One preliminary finding may indicate a pause in the long trend of growth in institutions’ allocation to alternative investment strategies. In the 2013 fiscal year, the average allocation fell to 47% of participating endowments’ portfolios from 54% in 2012. Institutions in four of the six size categories reduced their allocation to alternative strategies, while the allocation was unchanged for the other two. The study notes alternative strategies include marketable alternatives, private capital, distressed debt and private equity real estate.
In contrast to the decline in alternative strategies, the study notes participating institutions’ average allocation to domestic equities grew from 15% to 20%, and their allocation to international equities increased from 16% to 19%. In combination, this increase to publicly traded equities exceeds the decline in alternative strategies. The allocation to fixed-income investments was unchanged at 11%, while the allocation to short-term securities, cash and other investment declined from 4% last year to 3% this year.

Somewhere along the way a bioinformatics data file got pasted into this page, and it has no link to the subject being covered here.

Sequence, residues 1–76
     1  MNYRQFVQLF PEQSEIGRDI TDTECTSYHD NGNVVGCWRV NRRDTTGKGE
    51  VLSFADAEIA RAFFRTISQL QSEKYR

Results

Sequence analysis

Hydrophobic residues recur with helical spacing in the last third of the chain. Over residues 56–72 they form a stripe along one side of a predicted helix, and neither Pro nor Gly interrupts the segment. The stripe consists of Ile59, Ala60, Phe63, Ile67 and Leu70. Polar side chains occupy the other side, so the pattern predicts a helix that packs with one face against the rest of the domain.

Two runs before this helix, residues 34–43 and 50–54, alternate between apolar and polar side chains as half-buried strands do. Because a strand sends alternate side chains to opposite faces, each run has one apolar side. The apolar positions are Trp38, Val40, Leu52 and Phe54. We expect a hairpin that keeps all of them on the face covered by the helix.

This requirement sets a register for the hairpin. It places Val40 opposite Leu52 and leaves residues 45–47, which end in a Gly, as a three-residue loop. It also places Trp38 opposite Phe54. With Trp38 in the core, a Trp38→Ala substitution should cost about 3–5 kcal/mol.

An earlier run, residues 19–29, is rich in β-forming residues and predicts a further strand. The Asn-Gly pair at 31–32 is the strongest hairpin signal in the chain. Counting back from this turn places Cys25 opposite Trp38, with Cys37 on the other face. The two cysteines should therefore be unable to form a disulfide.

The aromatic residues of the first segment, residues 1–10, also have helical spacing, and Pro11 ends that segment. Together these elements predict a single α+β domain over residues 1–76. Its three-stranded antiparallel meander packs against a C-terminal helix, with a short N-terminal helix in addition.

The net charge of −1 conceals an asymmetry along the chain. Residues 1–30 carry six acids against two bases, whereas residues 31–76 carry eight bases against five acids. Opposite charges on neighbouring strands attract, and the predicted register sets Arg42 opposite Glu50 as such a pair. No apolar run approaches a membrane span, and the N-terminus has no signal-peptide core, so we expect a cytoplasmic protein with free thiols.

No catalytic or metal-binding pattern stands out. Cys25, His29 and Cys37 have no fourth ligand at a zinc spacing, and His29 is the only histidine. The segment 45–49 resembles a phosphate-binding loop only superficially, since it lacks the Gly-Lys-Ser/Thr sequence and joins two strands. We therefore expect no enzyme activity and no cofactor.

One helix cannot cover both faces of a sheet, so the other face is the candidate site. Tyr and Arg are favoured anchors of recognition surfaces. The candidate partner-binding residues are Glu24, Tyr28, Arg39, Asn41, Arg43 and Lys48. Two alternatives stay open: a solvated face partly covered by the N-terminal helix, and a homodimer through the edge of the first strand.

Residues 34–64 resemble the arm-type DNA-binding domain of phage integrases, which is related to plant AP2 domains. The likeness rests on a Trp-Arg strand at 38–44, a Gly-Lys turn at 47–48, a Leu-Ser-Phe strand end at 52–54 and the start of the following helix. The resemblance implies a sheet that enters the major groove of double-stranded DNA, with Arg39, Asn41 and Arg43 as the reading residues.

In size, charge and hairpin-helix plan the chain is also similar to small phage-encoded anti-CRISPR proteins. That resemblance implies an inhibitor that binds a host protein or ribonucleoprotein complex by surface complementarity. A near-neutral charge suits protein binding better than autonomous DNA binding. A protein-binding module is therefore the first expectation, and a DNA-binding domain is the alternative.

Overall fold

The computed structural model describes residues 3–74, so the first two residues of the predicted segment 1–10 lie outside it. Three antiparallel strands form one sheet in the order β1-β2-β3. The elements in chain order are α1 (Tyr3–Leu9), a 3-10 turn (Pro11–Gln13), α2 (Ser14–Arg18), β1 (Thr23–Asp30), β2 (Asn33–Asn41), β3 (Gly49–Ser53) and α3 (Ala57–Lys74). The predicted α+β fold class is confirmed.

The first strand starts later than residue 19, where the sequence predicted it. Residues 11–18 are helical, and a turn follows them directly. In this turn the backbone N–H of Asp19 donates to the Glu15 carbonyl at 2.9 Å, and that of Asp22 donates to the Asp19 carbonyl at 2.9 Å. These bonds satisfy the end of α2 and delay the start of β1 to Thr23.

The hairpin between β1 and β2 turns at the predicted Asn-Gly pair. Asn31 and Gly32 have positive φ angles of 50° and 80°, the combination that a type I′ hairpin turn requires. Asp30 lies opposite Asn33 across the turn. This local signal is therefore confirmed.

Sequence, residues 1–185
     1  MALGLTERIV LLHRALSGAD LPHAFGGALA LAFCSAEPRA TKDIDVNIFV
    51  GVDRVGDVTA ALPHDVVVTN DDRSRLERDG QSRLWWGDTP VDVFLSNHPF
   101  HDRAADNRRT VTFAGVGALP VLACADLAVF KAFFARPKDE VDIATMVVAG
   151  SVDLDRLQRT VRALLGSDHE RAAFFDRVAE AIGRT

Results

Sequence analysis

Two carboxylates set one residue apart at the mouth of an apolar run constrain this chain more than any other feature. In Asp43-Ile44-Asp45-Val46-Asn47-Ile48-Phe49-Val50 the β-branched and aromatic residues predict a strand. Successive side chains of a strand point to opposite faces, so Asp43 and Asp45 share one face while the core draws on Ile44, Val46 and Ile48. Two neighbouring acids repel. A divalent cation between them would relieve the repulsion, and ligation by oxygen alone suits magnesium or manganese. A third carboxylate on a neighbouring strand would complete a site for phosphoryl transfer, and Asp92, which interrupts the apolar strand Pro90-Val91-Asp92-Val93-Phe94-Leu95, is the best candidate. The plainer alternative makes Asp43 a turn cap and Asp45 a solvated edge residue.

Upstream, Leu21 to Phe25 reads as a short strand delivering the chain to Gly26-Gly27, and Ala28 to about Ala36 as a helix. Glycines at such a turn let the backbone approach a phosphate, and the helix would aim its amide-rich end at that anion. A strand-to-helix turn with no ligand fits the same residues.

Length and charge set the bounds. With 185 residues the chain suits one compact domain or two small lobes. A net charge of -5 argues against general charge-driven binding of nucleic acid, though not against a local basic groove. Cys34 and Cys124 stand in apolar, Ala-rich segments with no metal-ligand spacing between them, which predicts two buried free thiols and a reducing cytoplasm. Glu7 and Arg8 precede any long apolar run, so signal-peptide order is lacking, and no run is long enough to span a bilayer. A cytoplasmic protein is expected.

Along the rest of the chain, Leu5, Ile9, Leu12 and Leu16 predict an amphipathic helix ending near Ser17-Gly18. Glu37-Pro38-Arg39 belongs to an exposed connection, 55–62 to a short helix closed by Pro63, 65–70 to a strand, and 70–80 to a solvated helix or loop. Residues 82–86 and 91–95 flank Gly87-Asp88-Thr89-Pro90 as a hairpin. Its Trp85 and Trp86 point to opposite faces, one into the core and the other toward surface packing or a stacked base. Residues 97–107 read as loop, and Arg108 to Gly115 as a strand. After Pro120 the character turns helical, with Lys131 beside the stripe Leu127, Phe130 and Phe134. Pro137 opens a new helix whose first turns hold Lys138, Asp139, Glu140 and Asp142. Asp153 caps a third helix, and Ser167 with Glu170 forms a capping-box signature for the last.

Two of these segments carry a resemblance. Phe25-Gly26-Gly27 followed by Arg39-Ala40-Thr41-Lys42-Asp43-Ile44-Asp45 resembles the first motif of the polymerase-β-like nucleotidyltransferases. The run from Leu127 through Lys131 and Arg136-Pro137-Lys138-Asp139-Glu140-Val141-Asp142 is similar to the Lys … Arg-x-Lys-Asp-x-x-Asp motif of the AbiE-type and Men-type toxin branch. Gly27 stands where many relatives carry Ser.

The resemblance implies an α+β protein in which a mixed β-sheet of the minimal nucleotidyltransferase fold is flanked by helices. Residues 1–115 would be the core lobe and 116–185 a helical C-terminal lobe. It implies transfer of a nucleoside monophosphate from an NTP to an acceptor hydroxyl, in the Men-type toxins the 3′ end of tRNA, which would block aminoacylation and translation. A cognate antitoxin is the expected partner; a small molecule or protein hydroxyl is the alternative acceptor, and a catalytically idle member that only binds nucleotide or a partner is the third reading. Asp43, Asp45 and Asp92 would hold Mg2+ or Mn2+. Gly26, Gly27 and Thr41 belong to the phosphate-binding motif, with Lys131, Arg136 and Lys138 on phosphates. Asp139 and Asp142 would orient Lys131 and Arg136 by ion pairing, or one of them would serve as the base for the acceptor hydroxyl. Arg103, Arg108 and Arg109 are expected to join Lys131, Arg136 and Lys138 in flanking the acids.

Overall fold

“The data concerning alternative strategies will bear watching as more colleges and universities report their fiscal year 2013 results,” say NACUBO President and Chief Executive Officer John D. Walda and Commonfund Institute Executive Director John S. Griswold in a joint statement. “A number of factors are at work here. Colleges and universities may be shifting some assets into more-liquid strategies, but because domestic and international equities were the two best performing asset classes in fiscal year 2013, some of the shift may have been the result of market action.”
So far the study has found returns, broken out by asset class, are as follows:
- Domestic equities (20.5%);
- Fixed income (2.4);
- International equities (14.4%);
- Alternative strategies (8.6%); and
- Short-term securities/cash/other (1%).
Distressed Debt Leads Alternative Strategies